There's no longer any doubt: coding is the most crucial skill of the 21st century. Developers are needed in every industry, and entirely new industries are being created from emerging technologies.
With this increase in demand has come an increase in learning alternatives, and we are proud to be part of that at Lighthouse Labs. Online courses and coding bootcamps have helped change the face of developer education - what was once only the domain of computer science majors and highly specialized tradespeople is now available to anyone with the will to learn.
But the question is, which learning method is best for you? Everyone has different needs, learning styles, and ambitions; there's no universal "best way" for learning to code. Obviously, we think our own program is great, but we recognize that it's not for everyone. And like we did with The HTML500, and our free HTML & CSS Essentials course we want to move forward digital literacy in Canada for all.
We've rigorously researched each to method of learning code (sources at the bottom), to create an easy way for you to compare your different options side by side. So with that in mind, we present:
The infographic you just read gives an overall idea of the learn-to-code landscape. Now, we'll get a little more into the details of each one:
Computer Science Degree
Best for: High school standouts
With regards to coding, a computer science degree can be seen as the ultimate foundational prep course. The emphasis is theory, and students learn the underpinnings behind computer architecture itself. The languages they learn (Java, C#, etc) aren't used as frequently in the workplace, but students do gain a strong enough theoretical background to pick up new languages relatively easily. As our instructor Don Burks said in Mashable, a computer science degree is "great for people who want to build the next Windows or OS X", but "for someone who wants to build websites, apps, or startups, what they need is a practical understanding." When combined with one of the other options below, a computer science degree is a formidable asset for a coder.
Best for: IT specialists
Technical diplomas are the traditional way to learn about specific technologies. These diplomas are offered as trade skills by public institutions, and their graduates are often employed by large companies. The focus of these programs is usually on learning to maintain and operate within things that are created (i.e network infrastructure), as opposed to building new things.
Best for: Hands-on learners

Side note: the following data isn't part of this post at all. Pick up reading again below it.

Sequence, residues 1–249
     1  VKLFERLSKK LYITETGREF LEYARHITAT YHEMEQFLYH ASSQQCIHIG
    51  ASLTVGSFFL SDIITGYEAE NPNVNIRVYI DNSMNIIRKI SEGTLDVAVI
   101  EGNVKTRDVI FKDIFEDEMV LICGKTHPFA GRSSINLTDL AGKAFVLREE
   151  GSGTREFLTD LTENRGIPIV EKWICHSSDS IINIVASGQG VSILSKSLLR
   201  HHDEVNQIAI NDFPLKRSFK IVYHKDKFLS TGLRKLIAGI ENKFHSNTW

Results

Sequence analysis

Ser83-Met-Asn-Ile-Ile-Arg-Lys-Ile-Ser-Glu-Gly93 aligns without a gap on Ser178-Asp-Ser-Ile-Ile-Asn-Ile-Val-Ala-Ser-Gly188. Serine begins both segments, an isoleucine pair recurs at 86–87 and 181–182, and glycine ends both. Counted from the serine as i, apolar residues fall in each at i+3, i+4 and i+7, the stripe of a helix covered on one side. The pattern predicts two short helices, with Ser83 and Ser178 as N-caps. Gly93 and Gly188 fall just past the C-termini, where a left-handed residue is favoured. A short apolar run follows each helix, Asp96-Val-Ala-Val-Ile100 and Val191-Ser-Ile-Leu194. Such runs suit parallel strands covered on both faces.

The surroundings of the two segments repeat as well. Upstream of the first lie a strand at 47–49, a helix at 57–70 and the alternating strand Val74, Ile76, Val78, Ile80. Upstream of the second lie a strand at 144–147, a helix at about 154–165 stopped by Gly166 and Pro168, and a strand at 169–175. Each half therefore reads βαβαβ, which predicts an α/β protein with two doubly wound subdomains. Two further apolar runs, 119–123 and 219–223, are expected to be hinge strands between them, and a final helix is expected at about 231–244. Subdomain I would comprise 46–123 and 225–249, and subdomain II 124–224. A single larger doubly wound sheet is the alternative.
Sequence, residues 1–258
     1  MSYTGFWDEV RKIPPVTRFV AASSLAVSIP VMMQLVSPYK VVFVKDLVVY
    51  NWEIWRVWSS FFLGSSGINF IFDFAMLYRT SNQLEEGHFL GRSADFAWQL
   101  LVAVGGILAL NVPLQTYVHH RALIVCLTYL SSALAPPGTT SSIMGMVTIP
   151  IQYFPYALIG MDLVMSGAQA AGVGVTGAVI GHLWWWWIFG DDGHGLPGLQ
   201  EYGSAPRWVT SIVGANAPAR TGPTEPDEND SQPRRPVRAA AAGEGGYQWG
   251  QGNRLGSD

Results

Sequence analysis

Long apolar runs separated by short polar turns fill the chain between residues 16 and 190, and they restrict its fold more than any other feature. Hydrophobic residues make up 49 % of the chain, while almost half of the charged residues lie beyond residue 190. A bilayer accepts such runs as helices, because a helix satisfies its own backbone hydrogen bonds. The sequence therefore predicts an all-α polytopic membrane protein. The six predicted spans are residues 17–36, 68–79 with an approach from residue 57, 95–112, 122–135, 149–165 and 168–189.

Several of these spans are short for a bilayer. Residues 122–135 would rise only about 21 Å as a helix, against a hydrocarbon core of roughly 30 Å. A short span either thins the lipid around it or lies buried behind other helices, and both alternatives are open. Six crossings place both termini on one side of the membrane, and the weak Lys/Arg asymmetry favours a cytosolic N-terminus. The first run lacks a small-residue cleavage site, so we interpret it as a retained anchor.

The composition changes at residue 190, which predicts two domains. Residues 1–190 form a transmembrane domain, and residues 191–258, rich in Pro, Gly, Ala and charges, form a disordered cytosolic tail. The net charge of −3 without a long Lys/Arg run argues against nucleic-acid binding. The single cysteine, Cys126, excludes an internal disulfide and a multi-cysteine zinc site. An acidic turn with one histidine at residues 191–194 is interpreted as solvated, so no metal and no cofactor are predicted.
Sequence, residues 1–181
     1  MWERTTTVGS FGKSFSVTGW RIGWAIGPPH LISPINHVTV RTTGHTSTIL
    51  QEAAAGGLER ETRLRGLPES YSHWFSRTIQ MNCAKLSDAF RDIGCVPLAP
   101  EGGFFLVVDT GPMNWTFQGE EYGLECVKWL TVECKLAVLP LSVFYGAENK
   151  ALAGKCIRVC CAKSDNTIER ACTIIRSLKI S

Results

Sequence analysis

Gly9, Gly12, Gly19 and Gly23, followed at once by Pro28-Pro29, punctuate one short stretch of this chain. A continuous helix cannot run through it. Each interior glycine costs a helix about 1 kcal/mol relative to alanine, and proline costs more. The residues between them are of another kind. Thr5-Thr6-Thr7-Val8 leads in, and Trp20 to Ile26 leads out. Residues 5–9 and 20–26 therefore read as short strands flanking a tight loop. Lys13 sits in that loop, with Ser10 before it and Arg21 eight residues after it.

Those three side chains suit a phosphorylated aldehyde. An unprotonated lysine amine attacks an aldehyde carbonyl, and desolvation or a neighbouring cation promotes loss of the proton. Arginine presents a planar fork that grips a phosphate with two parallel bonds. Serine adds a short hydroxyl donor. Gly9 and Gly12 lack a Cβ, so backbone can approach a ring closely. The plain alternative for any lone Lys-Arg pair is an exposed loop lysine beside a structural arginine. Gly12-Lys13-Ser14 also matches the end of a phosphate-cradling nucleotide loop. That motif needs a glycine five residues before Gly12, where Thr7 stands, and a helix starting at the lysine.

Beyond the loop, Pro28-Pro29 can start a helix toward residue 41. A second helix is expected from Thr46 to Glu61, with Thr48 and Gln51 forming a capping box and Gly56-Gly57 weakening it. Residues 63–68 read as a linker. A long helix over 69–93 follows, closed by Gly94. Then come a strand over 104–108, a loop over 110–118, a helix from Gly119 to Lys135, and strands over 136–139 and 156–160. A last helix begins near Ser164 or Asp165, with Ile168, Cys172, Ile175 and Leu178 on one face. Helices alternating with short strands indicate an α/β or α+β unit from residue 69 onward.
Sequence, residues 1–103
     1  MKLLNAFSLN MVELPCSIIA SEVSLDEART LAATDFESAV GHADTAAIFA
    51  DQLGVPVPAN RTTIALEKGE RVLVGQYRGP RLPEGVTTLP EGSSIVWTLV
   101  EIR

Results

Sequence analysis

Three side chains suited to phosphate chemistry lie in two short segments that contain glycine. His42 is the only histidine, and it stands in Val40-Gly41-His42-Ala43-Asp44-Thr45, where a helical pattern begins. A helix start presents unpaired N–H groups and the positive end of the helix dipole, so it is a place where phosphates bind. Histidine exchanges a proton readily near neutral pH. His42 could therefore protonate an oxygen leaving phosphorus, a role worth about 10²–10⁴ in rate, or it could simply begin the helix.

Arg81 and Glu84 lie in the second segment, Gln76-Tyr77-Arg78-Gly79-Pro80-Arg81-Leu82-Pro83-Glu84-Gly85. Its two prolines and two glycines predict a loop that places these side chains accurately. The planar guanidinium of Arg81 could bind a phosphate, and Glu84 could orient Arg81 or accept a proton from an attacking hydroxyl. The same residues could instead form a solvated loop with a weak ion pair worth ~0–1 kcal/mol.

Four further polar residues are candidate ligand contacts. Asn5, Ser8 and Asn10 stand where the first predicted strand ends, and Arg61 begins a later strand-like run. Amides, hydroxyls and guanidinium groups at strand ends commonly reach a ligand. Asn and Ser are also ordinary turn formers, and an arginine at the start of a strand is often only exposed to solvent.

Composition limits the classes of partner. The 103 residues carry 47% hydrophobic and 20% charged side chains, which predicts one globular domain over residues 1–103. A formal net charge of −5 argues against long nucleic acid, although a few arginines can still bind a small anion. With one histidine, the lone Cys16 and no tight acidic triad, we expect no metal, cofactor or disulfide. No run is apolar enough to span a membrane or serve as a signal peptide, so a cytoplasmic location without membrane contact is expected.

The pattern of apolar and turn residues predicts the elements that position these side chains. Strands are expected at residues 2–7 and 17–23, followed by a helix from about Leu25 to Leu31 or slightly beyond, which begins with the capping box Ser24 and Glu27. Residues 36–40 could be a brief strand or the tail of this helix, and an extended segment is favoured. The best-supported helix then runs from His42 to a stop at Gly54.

Coding bootcamps like Lighthouse Labs teach you everything you need to know to become a professional developer, and aim to do it as quick as possible. Unlike other programs, which are run outside of the tech industry, coding bootcamps are run from within the industry. This means students are immersed in work of a developer from day 1 of class instead of waiting until they find a job. The accelerated pace means it isn't for everyone, but for those willing to put in the hours, it's the fastest and most efficient way to learn to code.
Best for: Technology generalists
Many people who do not want to become a developer, but simply want to add the skill to their repertoire. Or maybe they know some code (for example, HTML/CSS) and want to supplement that with a technical certificate in another area (for example, iOS development). Others still aren't sure if a career in coding is right for them. Introductory technical courses, such as our own, can help them decide.
Paid Online Courses
Best for: Multitaskers
For those that are serious about learning to code but aren't able to commit to full-time or in-person learning, a paid online course is a strong option. Many of these courses offer online mentorship to help its students through their courses. For those who want to code, but aren't ready to quit their day job, this can be a great way to learn.
Free/Self-Directed Online Resources
Best for: Autodidacts
There are a ton of incredible online resources for learning to code. Most people that do any of the above options start with these, and we fully support that. We've even included our favourite ones in our prep course. However, for these courses to take you beyond "copy-paste" coding and have you code at a professional level is a rare feat. For most, this is the starting point, not the finish.
And that's it! We hope you enjoyed this comprehensive guide. Hopefully it helps give you clarity in yor journey on learning to code. If you think a coding bootcamp or technical certificate is the route for you, I suggest you apply to Lighthouse Labs now!